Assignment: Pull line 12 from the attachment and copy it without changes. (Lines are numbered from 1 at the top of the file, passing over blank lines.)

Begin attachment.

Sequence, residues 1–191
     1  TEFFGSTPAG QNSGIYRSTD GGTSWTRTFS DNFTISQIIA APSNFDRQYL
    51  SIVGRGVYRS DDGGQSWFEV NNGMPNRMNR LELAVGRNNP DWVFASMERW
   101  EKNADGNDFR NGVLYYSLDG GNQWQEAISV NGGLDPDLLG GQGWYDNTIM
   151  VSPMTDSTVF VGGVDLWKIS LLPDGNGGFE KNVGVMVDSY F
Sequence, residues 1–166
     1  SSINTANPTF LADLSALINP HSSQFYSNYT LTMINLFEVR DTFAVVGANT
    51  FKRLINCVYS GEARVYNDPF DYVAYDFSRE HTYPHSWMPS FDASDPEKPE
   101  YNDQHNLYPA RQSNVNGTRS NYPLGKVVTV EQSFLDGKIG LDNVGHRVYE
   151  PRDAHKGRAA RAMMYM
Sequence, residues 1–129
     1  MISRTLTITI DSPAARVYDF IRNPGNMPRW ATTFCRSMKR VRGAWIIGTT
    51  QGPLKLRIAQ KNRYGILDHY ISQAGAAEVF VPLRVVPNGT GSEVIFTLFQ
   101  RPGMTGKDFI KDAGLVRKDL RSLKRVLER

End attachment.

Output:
     1  MISRTLTITI DSPAARVYDF IRNPGNMPRW ATTFCRSMKR VRGAWIIGTT